• Pentax DA* 200mm f/2.8 = $949
  • Nikon ED-IF AF 180mm f/2.8 = $760
  • Canon EF 200mm f/2.8L II USM = $695

Result: At first it looks bad...Pentax is charging several hundred dollars more for this type of lens. Let's look closer, though -- Notice something missing? Perhaps two letters in the lens names? Yes, that's right, Canon and nikon lenses lack VR/IS! This is important, as now we're dealing with some long focal lengths. I'll call this one a tie - Pentax definitely loses on price, but wins due to sealing and SR through the body. Still, I feel Pentax is overcharging for their telephoto primes.

Fast Long Telephoto (300mm f/4)

Finally, our last section! This was a bit difficult to search out, mainly because it doesn't appear Canon and Nikon are fond of 300mm primes, but instead offer fast zooms in this area.
  • Pentax DA* 300mm f/4 = $1098
  • Nikon ED-IF AF-S 300mm f/4 = $1124
  • Canon EF 300mm f/4L IS USM = $1210

Result - Pentax and Canon are close here, leaving Nikon and its VR-less lens in the dust. Win : Pentax by about $100

-------------------------------

GRAND TOTAL

So let's assume you have way more money than I do, and decide to buy the lens loadouts (minus the bodies). How much do we pay?

Pentax = $3924

Nikon = $4240 or $4875 with the "upscale" portrait prime

Canon = $4094 or $5484 with the "upscale" portrait prime

---------------------------------

Analysis:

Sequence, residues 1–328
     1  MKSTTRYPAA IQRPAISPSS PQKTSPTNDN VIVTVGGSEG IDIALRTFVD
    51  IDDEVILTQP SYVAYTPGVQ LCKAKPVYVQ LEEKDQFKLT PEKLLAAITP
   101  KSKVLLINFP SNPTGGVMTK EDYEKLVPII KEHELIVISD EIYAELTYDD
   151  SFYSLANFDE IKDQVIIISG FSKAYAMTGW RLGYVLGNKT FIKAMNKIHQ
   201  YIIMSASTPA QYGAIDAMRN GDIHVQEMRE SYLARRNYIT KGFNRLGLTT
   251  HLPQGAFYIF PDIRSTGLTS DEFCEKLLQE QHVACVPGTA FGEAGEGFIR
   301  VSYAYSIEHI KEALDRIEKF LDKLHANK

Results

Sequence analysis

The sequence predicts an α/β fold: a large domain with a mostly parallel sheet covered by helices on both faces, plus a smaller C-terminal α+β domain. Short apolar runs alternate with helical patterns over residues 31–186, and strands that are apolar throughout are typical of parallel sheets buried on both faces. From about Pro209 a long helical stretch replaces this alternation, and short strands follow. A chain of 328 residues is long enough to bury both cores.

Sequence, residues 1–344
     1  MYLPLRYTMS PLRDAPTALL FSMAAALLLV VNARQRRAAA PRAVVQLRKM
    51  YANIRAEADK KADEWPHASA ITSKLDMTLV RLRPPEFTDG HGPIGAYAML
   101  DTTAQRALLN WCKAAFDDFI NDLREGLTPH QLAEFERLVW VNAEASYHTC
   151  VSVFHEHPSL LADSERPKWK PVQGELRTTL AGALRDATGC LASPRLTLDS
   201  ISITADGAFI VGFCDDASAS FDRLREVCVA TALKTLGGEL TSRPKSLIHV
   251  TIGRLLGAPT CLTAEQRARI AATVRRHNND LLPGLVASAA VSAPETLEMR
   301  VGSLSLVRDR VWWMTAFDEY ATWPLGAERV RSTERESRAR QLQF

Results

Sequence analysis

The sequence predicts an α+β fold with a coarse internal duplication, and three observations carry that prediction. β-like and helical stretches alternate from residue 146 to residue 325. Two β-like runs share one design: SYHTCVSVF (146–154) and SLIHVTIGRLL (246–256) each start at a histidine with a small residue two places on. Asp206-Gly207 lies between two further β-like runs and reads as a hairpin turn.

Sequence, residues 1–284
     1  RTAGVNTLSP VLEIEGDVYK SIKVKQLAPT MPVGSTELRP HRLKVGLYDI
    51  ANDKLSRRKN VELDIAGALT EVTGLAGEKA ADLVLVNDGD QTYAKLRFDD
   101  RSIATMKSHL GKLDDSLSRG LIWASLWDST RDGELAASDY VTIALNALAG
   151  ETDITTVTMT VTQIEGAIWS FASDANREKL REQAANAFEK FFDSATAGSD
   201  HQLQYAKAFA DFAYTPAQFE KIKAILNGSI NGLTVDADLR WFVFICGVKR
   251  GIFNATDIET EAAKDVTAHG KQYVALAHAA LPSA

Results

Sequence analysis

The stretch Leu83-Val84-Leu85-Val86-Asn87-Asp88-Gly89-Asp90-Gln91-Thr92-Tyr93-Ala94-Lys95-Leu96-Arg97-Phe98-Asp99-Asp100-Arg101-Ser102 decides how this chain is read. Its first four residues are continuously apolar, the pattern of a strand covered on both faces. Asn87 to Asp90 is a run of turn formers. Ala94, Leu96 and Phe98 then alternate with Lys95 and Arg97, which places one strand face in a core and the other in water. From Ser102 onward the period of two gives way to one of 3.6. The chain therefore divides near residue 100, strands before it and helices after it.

To me, it appears Pentax still retains "value" more than Canon or Nikon. Let's analyze why:

1) Assuming you have a decently modern body, all the lenses will offer image stability. Not so with the Canon/Nikon variants.

2) Three of the listed Pentax Lenses are weather sealed.

3) Assuming we're buying "the best" portrait lens, Pentax's Limited 77mm is a steal compared to Nikon, and Canon should be charged with highway robbery.

4) Pentax seems to be overcharging for their long primes. Sure, their primes "have" image stability, but this is in the body and doesn't cost Pentax a dime to use. So why are their primes actually more expensive? Weathersealing perhaps? Pentax's insistence on staying with short ranges, as seen by their complete lack of any modern lens past 300mm? Who knows.

Hope you enjoyed the read!

06-21-2008, 10:08 PM   #2
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I did and considering as well that bang for the buck, the K10D,K200D or K20D are extremely well priced, we can get a very competitive system for less.

I do agree with the thoughts on the 200mm. It's just too expensive against the competition. The only thing I'd like to know is how it renders. If the Pentax produces a better image, then the price really doesn't matter. But all three companies produce very good glass.
06-21-2008, 10:12 PM   #3
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Well, I know the Pentax 200mm has stellar IQ -- I don't think I've ever read a bad review of the lens.

So yes, perhaps we're paying for IQ? To be truthful I have not investigate lens reviews for the other system, but you're right - both Nikon and Canon make great glass, so I assumed they would at least be near Pentax IQ.
06-21-2008, 10:30 PM   #4
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QuoteOriginally posted by cputeq Quote
3) Assuming we're buying "the best" portrait lens, Pentax's Limited 77mm is a steal compared to Nikon, and Canon should be charged with highway robbery.
Not really a fair assessment imo. The FA77 Ltd is very good but I have to say the pricy Canon 85mm f/1.2L is a fantastic lens even if it is a revamp of an older lens design. I have used this lens on an Canon EOS 1D Mark II N and it gives a sterling performance that my FA77 on K10D/K100D Super finds hard to match.

06-21-2008, 10:53 PM   #5